Excerpt: The Professional Crisis

My story is not so unique. Many of us find ourselves moving down life’s path without a real sense of direction, or a map. Yes, we all want to be successful and financially secure, but how often do we look down the road and ask, “is this what I want to be happy?” 

My guess is, if you did have the foresight to make a life plan, you lessened your “wants” to “needs,” and you reduced your “desires” to be reasonable and practical. Well, this is just where I found myself. I was reasonable, practical, and hard-working; I just wasn’t happy. 

I graduated from USC Dental School in 1970 and then served two years in the Navy practicing dentistry. In 1973, I opened a dental practice in Mission Viejo, California. Always actively learning and striving to improve, I took advanced courses, earned a Fellowship in General Dentistry, and was a member of an invitation-only study group made up of the finest practices in Orange County, California.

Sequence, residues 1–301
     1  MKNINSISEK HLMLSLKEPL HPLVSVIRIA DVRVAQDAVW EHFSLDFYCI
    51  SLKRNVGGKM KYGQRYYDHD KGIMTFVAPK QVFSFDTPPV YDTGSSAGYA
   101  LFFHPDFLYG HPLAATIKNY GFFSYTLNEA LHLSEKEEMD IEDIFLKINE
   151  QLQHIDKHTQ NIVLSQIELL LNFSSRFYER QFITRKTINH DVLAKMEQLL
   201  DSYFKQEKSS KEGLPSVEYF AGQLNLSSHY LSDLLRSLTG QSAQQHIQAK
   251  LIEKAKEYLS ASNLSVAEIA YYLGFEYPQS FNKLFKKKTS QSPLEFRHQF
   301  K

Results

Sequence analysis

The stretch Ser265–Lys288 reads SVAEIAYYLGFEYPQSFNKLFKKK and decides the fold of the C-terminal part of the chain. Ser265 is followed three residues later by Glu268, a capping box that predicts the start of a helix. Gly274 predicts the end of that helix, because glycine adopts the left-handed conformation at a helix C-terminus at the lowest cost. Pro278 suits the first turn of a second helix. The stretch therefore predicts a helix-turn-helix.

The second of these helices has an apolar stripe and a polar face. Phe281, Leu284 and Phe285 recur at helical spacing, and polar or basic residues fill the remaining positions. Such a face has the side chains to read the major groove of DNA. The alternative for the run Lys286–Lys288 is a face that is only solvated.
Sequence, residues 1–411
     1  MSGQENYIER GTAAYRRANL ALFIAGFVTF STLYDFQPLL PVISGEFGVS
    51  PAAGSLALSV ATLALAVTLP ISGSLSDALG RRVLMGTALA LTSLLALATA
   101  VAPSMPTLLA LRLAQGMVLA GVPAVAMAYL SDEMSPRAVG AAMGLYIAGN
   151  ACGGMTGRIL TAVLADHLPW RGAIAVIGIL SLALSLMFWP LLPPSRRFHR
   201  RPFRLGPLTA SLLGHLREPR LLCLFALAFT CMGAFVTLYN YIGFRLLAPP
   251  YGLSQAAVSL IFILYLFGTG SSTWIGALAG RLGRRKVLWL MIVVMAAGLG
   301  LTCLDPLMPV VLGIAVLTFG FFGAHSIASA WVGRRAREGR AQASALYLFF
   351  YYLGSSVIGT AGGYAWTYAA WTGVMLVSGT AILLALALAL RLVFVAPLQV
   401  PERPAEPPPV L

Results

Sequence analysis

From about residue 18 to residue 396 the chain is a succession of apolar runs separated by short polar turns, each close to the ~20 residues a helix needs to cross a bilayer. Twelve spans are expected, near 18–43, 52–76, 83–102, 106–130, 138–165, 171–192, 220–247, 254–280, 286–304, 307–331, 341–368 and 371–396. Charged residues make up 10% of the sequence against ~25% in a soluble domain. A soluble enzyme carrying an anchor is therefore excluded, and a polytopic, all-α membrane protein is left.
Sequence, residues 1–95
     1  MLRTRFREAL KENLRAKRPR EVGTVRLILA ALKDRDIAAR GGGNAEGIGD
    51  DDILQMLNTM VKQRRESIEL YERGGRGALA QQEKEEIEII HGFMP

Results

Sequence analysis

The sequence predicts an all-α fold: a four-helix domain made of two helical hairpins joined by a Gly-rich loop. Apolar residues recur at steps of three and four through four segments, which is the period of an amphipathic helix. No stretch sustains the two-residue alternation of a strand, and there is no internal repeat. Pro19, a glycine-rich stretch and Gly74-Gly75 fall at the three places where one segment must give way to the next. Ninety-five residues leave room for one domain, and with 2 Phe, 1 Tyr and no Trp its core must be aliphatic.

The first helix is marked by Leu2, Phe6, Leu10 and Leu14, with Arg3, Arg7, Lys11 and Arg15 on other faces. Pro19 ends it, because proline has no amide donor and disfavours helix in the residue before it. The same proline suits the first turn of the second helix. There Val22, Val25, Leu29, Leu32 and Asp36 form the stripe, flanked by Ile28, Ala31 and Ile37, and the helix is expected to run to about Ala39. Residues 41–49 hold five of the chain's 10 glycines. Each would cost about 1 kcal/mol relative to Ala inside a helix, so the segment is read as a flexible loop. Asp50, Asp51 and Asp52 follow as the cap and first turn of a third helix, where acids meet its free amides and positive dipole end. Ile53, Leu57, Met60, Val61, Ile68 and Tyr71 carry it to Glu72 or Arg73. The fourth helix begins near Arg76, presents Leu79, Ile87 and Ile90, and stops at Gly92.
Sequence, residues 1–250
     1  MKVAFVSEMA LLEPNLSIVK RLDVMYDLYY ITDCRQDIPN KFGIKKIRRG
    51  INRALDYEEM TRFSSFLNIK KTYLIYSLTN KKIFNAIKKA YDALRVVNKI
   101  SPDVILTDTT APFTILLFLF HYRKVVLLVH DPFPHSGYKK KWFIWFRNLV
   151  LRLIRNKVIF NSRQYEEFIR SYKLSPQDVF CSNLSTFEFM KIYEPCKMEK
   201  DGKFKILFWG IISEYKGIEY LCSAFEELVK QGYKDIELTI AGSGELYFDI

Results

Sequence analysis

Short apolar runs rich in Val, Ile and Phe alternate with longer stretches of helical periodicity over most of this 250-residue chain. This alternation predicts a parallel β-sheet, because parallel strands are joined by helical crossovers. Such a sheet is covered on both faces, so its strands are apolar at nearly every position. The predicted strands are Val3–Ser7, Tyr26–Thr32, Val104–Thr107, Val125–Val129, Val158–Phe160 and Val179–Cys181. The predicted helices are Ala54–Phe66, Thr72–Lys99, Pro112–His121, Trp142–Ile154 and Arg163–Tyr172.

The study group introduced me to many books, seminars, and ideas geared to better the quality of my practice, and life. During meetings, we would discuss these principles in detail, including how to apply them in our businesses and everyday lives. By 2005, I was happily married, our children were all doing well, and I had a very large and busy practice with a great staff.  

My office was on the third floor of a large medical center. Each morning I would hike up three flights of stairs, all the while thinking, I wonder how many more times I’m going to have to go up these freaking stairs! 

From the outside it appeared I was very successful, but in my head I was a failure. I knew something about this thinking was wrong; I just couldn’t figure it out.